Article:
EU leaders close ranks as no-deal talk mounts

EU leaders close ranks as no-deal talk mounts
# 11 December 2020 23:21 (UTC +04:00)

Boris Johnson's declaration that he would go to Paris, travel to Berlin, "do whatever it takes to reach a deal" was quietly rebuffed again by the EU on Friday, APA reports citing BBC.

Normally after big summits like the one we've just had in Brussels, leaders make media statements about their most pressing discussions.

Climate change, Covid, relations with Turkey... they all featured prominently at the summit. Brexit was hardly mentioned.

There's no denying that the prospect of the pain of no deal at all with the UK certainly weighs on EU minds.

A German think tank has estimated that up to 700,000 European jobs could be at risk.

But Europe's leaders are keen to clarify they won't personally intervene in the current impasse in trade talks. There'll be no last-minute handshake or "a-ha" moment in Paris, Warsaw or Berlin.

Behind the scenes, of course, leaders are involved in discussions with their negotiators, but they don't want to be face-to-face, or ear-to-ear with Boris Johnson in public.

EU countries are joined together in their single market.

So, no individual EU leader - not even the most powerful ones, in France and Germany - can be perceived to be making the political compromises that could clinch the UK deal. Concessions will impact the whole single market - and therefore all member states, as a collective.

Just this week, an Élysée Palace spokesman described as "not desirable" the idea of a visit or bilateral call between the prime minister and Emmanuel Macron in these last negotiating days. And the French president underlined again on Friday that EU countries were united behind the European Commission negotiating with the UK on their behalf.

Something Downing Street then said it accepted.

So can a deal be reached between the EU and UK by Sunday, despite the pervading mood of gloom plus a sense - in public at least - that both sides are digging in their heels?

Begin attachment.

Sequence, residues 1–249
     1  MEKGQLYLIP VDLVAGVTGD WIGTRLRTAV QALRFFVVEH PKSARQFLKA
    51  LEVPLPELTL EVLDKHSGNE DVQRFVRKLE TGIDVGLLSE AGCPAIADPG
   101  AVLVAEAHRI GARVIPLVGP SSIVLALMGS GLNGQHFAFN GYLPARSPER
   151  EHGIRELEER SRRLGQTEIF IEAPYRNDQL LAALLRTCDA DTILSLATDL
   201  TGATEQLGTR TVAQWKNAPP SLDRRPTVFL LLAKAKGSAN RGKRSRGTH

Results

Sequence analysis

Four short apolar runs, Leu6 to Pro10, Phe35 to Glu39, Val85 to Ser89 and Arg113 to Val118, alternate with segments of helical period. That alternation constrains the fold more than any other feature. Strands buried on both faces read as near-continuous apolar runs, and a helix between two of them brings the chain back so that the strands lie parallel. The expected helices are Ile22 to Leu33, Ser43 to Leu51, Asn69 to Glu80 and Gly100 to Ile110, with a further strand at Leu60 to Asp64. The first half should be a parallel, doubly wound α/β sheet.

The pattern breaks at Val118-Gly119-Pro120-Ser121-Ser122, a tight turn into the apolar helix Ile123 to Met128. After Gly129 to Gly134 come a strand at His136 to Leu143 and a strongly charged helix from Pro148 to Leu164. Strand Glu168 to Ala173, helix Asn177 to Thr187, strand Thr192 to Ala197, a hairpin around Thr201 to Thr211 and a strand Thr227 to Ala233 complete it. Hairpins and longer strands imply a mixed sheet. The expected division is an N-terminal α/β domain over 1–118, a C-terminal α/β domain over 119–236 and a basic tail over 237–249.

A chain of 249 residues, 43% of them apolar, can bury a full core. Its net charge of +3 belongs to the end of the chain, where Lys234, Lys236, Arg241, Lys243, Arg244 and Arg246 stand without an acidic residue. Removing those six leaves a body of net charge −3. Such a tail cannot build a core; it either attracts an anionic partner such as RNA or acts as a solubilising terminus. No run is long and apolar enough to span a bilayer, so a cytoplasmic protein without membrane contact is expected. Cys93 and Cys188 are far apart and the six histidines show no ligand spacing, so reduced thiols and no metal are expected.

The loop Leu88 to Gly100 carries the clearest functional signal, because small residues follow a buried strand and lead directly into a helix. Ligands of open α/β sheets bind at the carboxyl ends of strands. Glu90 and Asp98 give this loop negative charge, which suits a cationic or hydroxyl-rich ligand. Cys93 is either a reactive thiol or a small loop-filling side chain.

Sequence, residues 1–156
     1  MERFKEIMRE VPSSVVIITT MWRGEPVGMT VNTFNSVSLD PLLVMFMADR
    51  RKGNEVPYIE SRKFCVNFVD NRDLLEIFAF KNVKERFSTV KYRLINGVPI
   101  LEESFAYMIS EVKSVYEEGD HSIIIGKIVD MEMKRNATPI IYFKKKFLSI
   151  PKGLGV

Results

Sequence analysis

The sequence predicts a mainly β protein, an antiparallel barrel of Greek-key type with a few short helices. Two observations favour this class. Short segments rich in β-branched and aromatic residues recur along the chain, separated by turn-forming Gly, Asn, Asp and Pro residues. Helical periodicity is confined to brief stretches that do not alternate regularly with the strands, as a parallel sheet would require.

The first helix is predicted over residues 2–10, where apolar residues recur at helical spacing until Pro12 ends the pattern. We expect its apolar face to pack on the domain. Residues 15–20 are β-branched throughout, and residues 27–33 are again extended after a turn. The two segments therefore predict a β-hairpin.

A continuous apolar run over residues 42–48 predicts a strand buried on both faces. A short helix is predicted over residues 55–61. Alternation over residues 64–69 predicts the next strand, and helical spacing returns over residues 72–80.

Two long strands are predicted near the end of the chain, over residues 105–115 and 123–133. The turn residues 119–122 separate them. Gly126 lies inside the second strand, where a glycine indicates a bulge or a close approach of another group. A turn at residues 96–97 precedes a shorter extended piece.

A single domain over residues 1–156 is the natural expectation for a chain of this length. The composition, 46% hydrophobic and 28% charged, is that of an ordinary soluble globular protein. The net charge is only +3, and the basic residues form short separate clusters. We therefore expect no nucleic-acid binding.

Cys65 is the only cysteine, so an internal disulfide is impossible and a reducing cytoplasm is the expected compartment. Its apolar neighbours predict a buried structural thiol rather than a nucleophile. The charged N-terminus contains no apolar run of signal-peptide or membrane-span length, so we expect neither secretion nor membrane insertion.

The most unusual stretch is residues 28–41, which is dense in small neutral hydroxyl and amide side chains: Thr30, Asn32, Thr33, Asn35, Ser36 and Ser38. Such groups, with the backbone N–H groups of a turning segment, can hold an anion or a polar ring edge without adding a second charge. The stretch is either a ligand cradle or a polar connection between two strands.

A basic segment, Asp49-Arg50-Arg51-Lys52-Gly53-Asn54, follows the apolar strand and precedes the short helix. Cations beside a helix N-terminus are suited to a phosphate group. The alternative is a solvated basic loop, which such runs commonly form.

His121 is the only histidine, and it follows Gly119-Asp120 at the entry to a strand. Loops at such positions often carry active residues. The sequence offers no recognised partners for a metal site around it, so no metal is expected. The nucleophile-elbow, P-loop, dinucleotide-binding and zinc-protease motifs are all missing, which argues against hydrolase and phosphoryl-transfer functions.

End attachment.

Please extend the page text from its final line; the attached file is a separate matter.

It's difficult but possible.

One of the main obstacles to a deal, according to the UK government, is that the EU refuses to accept the UK's post-Brexit national sovereignty.

"How can the EU demand that we tie ourselves to a new rule book to get good access to the single market?" ministers ask. After all, wasn't Brexit all about breaking free from Brussels' regulations?

But on Friday the European Commission president - who had a working dinner with the prime minister just this week - hit back at the EU-is-in-denial-about-UK-sovereignty claim.

Yes, said Mrs von der Leyen, the EU was insisting on what it views as rules on "fair competition" in exchange for agreeing the UK could have preferential access to the single market - i.e. tariff and quota-free. But she pointedly added that the UK would remain free - "sovereign, if you wish" were the words she used - to decide what it wanted to do.

"We [the EU] would simply adapt the conditions for access to our market accordingly. It would be the decision of the UK and this would apply vice versa."

This refers to something often discussed in my blog over the past weeks.

We know, oh so well by now, the three main sticking points still in talks: EU fishing rights in UK waters; competition regulations for the UK to have that good access to the single market; and the governance of the deal - how to ensure both sides keep to the agreement or face punitive measures.